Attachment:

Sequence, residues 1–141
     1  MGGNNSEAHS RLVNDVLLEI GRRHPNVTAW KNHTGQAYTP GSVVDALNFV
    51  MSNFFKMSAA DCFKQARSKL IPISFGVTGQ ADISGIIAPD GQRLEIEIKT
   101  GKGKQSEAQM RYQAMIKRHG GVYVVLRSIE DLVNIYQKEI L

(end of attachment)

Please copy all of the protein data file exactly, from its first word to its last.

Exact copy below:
Sequence, residues 1–141
     1  MGGNNSEAHS RLVNDVLLEI GRRHPNVTAW KNHTGQAYTP GSVVDALNFV
    51  MSNFFKMSAA DCFKQARSKL IPISFGVTGQ ADISGIIAPD GQRLEIEIKT
   101  GKGKQSEAQM RYQAMIKRHG GVYVVLRSIE DLVNIYQKEI L